The protracted and painful denouement shivered the party into fragments. Years of bloodshed in Kansas sowed dismay and distrust amongst both southern and northern Democrats, compelling Douglas and Davis to tack politically toward their constituents’ preferences. Douglas’s subsequent refusal to support passage of Kansas’s pro-slavery Lecompton Constitution in Congress especially embittered southerners, but his partisan logic was unerring: he could not sacrifice popular sovereignty to slaveholders’ property rights without dismembering the northern Democracy. Davis and other southern Democrats therefore watched in fury as Douglas collaborated with congressional Republicans to defeat passage of that constitution in 1858. To Woods, this momentous sundering of the party precipitated a “convergence between northern Democrats and Republicans” and a “parallel merger between southern Democrats and fire-eaters” (166). Sectional polarization, already well advanced, deepened further, and was then exacerbated by two years of additional fratricide, including sharp exchanges between Douglas and Davis in the Senate, leading Senator Alfred Iverson of Georgia to complain that they were arguing “until doomsday” (1). The Democratic Party’s rupture in 1860 thus reflected its intractable divisions. At root, Woods writes, the “party could stand for white men’s democracy or white masters’ property, but not both” (178).
On its own terms, Arguing until Doomsday is highly persuasive. Woods’s research demonstrates that both Douglas and Davis represented the central perspectives of their regional partisans. Neither man wished to destroy the Democratic Party and the Union, but both contributed handsomely to the calamity because slavery created “relentless internal conflict” in the party (8). From its inception, in Woods’s account, the party harbored a deadly conflict within itself. This framing of the problem contributes to a growing literature on property rights and the coming of the Civil War. As sectional conflict mounted, southerners increasingly demanded national protection of slave property, a progression highly evident in Davis’s career. Despite a frequent reliance on strict construction of the Constitution, which he turned against western internal improvement projects, Davis repeatedly demanded that the federal government exert itself in favor of slavery to protect property rights (72–73, 106, 127, 155). Correspondingly, his proslavery politics were sustained and unapologetic. Soon after entering the Senate, he declared that slavery was a positive good, and thereafter he labored to make the Democratic Party as proslavery as possible (85). In 1852 he wrote that proslavery southerners should “sustain a sound party at the north to extract whatever we can from party organization for the security of our constitutional rights” (118). This was not exactly a national view of the party, and his willingness to endorse secession should southerners not control national politics highlights the profound connection between slave property and the origins of the war. Unquestionably, Douglas and his fellow northern Democrats had their hands full with their southern allies. Douglas was an unshakable Unionist. By contrast, Davis was a traitor-in-waiting, frequently waving the southern radicals’ quasi-American flag of conditional unionism.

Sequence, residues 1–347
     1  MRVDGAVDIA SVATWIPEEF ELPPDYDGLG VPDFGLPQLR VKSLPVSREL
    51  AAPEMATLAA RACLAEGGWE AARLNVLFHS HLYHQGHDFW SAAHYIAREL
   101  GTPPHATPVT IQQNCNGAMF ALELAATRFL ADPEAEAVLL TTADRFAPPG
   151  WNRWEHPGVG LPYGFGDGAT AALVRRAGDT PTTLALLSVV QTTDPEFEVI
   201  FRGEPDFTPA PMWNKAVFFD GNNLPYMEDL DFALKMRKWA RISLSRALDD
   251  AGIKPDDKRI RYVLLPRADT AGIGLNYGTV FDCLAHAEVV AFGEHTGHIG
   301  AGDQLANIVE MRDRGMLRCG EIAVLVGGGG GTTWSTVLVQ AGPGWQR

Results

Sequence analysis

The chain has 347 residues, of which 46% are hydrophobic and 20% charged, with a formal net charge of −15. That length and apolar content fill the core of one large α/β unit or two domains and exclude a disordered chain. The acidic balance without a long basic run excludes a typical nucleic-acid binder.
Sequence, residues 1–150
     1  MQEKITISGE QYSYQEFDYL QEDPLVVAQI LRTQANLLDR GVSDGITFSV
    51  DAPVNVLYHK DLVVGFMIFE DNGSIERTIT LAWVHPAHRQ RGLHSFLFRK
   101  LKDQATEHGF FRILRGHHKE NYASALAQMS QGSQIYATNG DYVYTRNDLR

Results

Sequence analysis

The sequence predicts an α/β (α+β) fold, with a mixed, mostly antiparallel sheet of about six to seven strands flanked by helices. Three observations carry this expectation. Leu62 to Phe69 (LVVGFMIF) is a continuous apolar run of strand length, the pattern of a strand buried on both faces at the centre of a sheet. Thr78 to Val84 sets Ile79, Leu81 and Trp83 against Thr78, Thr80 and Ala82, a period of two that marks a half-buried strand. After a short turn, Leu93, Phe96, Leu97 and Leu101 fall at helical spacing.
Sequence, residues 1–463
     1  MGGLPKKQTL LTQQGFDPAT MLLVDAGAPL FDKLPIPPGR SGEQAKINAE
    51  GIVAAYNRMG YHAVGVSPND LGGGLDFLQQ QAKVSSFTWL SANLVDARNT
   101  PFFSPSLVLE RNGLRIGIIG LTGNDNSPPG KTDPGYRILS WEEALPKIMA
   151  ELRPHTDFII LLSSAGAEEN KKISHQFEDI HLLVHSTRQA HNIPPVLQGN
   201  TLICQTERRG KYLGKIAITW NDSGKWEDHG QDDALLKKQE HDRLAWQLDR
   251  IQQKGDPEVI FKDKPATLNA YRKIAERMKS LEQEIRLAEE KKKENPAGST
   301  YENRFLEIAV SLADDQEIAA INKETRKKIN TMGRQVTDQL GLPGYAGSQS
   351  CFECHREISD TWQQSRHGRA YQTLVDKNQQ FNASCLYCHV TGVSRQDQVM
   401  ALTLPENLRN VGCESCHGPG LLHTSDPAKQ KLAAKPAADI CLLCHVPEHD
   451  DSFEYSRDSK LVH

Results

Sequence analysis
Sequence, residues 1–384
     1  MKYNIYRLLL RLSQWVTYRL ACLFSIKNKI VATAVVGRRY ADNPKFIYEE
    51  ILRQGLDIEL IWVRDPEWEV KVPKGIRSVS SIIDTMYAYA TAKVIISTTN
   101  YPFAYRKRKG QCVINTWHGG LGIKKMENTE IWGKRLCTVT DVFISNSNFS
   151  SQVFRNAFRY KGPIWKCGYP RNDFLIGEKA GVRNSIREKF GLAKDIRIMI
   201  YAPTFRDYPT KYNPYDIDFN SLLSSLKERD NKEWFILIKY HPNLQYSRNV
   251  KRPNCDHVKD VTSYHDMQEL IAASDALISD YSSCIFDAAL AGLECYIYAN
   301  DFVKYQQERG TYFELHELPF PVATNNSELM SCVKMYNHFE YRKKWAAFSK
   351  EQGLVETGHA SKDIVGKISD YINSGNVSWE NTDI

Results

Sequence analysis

Despite its many merits, the book’s focus on Douglas and Davis does obscure the critically important role of antislavery reformers and Republicans. Throughout the book, they are kept to the margins. This is understandable, but regrettable. After all, southerners did not secede because of Douglas’s election, but because of Lincoln’s. Similarly, southerners did not break up the Democratic Party because they feared northern Democrats, but because they feared Republicans. One way to conceptualize the problem is to imagine a political environment without Republicans, where the only debate was between Douglas and Davis, between majoritarian democracy and property rights in slaves. In such a circumstance, the clash between popular sovereignty and a slave code never would have seen the light of day. This is evident in Woods’s own analysis. In 1848, President Polk recommended an extension of the Missouri Compromise line to resolve the nation’s dispute over the Mexican Cession. “Douglas and Davis,” Woods writes, “voted with a Senate majority for such a measure, but antislavery northerners, determined to stop slavery’s expansion, defeated it in the House” (90). In the midst of the secession crisis 13 years later, Senator John J. Crittenden proposed a similar adjustment, which Douglas accepted and Davis apparently would have if Republican senators had concurred (218–219). But the Republican senators voted it down. Bolstered by a letter from President-elect Lincoln, Republican congressmen refused to compromise on slavery’s expansion. They were not being especially obdurate, but merely sustaining the political will of their constituents. After all, the 1860 Republican Party platform denied that either Congress or territorial legislatures could “give legal existence to slavery in any territory of the United States.” This stance was in stark contrast to Douglas, who supported not only slavery’s perpetuity, but also its expansion wherever white men desired it. In keeping with this perspective, the Democratic Party platform in 1860 encouraged “the acquisition of the Island of Cuba on such terms as shall be honorable to ourselves and just to Spain.” Freed from the Republicans, Douglas and Davis likely would have come to a modus vivendi.
Neither Douglas, nor the Democratic Party’s rupture, nor the origins of the Civil War can be fully understood without addressing the influence of the antislavery movement. Woods presents Douglas as pragmatic, and, like virtually all politicians, he did have a pragmatic side. But of all his pragmatic decisions, adopting popular sovereignty in the late 1840s very likely tops the list. He did not do it because of a philosophical commitment to majoritarian democracy, but because organizing national territories and preserving his party seemed to require it. His decision reflected the disruptions produced by an emerging political antislavery movement focused on halting the spread of slavery. That movement had its origins in hostility to slavery. The hostility was by no means equally distributed across the northern population, but it was unquestionably growing by the 1840s and had forced its way into national politics after little more than a decade of agitation. It showed no signs of slowing. Calhoun knew this, as did Davis. Both feared it profoundly and acted accordingly. Hence, although it is true that a collision between majoritarian democracy and property rights in slaves bedeviled the Democratic Party, there was a broader conflict in America between southern defenders of property rights in slaves and northerners who believed that there should be no property rights in slaves at all. That broader conflict precipitated the conflict within the Democratic Party by shaping the decisions of both Douglas and Davis and their peers. Arguing until Doomsday does not tell that important story, but it tells an impressively good one as it is.